Saturday, September 24, 2011

Conference Recap: KidLitCon 2011

KidLitCon logo designed by Sarah StevensonLast weekend, I had the most excellent opportunity to attend and present a panel at KidLitCon 2011 in Seattle, and it was SO. MUCH. FUN. What a great conference. The organizers, Colleen and Jackie, put countless hours into making this a wonderful experience for everyone, and it was such a great success. I loved the sense of community at this event-- authors, publishers, librarians, teachers, and bloggers coming together to exchange ideas about achieving a common goal: getting books into the hands of readers. There was so much packed into a day and a half-- it was everything a conference should be: energizing, affirming, and a terrific opportunity to connect.

I came away with renewed enthusiasm and direction for blogging. Author Stasia Ward Kehoe’s session in particular gave me lots of food for thought. She invited us to consider things like how our blogging identity and our "unblogging" identity mesh, and how the title of our blog reflects our content. When I volunteered that I named my blog "Reading Everywhere" because I'm always reading several books in different locations at any given time, she asked me, "So, do you do anything with that? Post pictures of books in their various locations?" And I was like: "......WHY AM I NOT DOING THAT?!" So, readers, from now on, expect to see more pictures of books on my nightstand and in my car and such. Thank you for the brilliant idea, Stasia!

I came away feeling empowered to write critical reviews. This doesn’t mean I’m going to totally pan a bunch of books! On the contrary, a very thought-provoking session presented by a fabulous group of youth services librarians, Kelly, Julia, Abby, and Janssen, highlighted the idea that reviewers can be critical without being negative. I was especially struck by the idea that there's a difference between writing substantial, thoughtful reviews and being part of the "publicity machine." Zoe, the associate manager for school & library marketing for Little, Brown Book for Young Readers affirmed this line of thinking in another session by pointing out that bloggers don’t owe the publishers positive reviews, and that a critical review won't necessarily ruin a blogger's relationship with a publisher. It’s a business to the publisher, and they’re used to seeing all kinds of reviews. Book reviewers should be professional, and be balanced in our criticisms.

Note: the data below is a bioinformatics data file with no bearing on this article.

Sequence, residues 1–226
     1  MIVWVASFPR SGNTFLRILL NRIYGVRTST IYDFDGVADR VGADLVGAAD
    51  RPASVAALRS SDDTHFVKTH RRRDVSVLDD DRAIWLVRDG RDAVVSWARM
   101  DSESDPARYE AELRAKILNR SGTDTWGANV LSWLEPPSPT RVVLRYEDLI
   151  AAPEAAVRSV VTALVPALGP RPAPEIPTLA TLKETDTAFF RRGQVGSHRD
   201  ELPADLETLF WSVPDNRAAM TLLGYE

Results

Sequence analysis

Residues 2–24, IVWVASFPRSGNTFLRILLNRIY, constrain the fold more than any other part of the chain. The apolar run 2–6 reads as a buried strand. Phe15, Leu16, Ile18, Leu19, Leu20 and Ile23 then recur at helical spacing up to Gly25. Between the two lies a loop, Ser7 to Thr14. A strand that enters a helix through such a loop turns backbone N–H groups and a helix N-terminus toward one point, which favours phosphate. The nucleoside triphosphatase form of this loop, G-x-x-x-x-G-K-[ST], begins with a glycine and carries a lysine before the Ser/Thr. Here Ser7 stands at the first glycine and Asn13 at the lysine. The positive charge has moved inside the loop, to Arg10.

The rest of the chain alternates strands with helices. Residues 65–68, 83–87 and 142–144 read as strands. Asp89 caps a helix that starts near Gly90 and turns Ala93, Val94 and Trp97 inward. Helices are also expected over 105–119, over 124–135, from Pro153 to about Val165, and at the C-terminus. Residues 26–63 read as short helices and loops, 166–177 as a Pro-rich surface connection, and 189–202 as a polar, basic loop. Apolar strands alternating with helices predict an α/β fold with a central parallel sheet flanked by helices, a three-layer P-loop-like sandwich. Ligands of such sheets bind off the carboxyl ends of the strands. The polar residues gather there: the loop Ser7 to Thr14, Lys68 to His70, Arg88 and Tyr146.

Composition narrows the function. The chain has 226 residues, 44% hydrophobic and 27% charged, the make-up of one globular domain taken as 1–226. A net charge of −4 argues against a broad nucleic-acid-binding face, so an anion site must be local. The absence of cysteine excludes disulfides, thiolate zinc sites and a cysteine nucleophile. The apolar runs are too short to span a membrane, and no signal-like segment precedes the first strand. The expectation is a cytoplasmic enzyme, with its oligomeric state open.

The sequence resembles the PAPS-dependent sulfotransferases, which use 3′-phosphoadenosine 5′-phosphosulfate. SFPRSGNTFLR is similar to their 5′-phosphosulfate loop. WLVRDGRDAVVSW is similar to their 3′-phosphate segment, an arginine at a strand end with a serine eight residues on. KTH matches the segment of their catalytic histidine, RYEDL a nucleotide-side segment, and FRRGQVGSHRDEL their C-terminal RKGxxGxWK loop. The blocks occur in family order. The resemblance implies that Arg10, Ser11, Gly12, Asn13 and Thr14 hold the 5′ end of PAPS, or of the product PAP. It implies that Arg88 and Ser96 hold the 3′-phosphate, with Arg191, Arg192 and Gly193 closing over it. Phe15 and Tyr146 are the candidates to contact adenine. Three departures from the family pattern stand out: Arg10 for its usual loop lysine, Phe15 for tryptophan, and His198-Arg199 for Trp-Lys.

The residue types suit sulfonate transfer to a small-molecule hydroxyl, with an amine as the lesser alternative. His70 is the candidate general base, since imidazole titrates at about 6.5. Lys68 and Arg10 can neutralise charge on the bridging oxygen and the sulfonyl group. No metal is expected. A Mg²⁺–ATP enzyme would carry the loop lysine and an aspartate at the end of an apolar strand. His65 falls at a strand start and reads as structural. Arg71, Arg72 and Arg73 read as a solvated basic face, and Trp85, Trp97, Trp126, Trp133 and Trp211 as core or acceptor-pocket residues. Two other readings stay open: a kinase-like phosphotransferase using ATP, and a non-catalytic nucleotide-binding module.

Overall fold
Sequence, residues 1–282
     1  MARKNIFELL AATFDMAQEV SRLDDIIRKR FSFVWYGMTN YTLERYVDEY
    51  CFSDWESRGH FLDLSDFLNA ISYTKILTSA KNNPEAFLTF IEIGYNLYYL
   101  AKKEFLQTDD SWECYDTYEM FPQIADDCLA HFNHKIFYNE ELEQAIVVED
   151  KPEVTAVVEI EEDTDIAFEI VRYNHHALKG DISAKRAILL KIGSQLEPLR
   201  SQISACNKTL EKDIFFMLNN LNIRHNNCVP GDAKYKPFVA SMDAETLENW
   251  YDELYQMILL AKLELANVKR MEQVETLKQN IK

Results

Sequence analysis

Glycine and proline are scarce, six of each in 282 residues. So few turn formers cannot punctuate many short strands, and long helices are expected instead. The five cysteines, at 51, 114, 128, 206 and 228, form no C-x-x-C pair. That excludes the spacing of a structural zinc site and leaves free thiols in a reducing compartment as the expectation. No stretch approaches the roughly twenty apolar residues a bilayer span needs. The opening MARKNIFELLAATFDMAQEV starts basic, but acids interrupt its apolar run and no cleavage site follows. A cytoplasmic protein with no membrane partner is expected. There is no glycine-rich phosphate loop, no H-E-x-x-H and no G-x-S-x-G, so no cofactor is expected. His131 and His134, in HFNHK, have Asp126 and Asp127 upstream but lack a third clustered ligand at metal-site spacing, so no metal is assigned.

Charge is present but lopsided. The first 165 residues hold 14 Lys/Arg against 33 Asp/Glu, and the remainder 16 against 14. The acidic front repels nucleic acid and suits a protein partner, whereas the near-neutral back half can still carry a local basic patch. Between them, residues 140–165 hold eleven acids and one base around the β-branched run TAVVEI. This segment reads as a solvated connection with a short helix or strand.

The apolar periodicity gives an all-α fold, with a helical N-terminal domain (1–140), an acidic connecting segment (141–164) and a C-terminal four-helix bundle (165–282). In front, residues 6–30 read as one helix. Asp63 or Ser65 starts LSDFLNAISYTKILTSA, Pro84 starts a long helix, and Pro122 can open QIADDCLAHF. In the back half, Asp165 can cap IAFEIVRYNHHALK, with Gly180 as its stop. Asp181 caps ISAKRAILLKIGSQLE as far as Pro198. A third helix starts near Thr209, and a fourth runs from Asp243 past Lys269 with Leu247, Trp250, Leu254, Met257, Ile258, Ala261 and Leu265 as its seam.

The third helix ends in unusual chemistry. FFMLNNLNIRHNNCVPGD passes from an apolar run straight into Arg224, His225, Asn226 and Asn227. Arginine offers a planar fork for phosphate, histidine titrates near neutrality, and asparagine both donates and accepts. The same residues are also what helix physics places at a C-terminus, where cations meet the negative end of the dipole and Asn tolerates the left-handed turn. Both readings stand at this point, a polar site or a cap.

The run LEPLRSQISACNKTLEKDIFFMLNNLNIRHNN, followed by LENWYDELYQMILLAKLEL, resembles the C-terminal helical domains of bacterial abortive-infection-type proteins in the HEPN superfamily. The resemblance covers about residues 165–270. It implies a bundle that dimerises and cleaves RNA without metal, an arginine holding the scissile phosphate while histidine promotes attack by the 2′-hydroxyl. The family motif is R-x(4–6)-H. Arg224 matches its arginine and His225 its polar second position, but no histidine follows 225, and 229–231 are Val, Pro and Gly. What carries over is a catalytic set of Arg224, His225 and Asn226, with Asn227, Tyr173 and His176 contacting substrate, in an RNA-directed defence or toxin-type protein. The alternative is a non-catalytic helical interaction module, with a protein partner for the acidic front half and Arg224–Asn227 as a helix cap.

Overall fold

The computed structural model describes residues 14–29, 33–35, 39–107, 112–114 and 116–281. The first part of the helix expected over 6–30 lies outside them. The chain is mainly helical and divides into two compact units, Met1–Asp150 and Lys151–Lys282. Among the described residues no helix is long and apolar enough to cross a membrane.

I came away excited for transmedia storytelling. The team from Angelpunk provided a great overview of the evolving movement of using various media platforms to tell a story. I think this dynamic method of showcasing a story will really speak to the generation of kids growing up right now. My two-year-old intuitively knows how to work an iPhone, and as much as he loves books, he’s going to want his stories to come in all formats, using different technologies. I like the idea that transmedia storytelling isn't just bells and whistles or using technology for technology's sake, but rather a way to tell a story using the the media that will best suit the telling.

I came away eager to make stronger connections with authors. Author Suzanne Young and Sara of Novel Novice shared about the benefits of author-blogger connections, and they sounded like they had so much fun collaborating on innovative ways to promote the author's work, which in turn, drives traffic and provides engaging content for the blogger. I was inspired!